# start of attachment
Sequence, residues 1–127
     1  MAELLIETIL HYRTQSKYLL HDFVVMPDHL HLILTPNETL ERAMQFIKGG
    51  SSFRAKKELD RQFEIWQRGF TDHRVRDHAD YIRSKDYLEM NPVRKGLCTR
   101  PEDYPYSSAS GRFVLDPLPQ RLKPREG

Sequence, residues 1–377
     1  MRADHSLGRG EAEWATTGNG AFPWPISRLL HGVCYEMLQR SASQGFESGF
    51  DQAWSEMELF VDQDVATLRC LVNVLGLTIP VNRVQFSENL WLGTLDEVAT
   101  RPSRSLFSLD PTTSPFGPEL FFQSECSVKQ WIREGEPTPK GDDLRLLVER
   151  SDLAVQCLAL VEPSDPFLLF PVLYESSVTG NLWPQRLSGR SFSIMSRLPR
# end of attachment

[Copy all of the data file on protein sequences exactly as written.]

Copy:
Sequence, residues 1–127
     1  MAELLIETIL HYRTQSKYLL HDFVVMPDHL HLILTPNETL ERAMQFIKGG
    51  SSFRAKKELD RQFEIWQRGF TDHRVRDHAD YIRSKDYLEM NPVRKGLCTR
   101  PEDYPYSSAS GRFVLDPLPQ RLKPREG

Sequence, residues 1–377
     1  MRADHSLGRG EAEWATTGNG AFPWPISRLL HGVCYEMLQR SASQGFESGF
    51  DQAWSEMELF VDQDVATLRC LVNVLGLTIP VNRVQFSENL WLGTLDEVAT
   101  RPSRSLFSLD PTTSPFGPEL FFQSECSVKQ WIREGEPTPK GDDLRLLVER
   151  SDLAVQCLAL VEPSDPFLLF PVLYESSVTG NLWPQRLSGR SFSIMSRLPR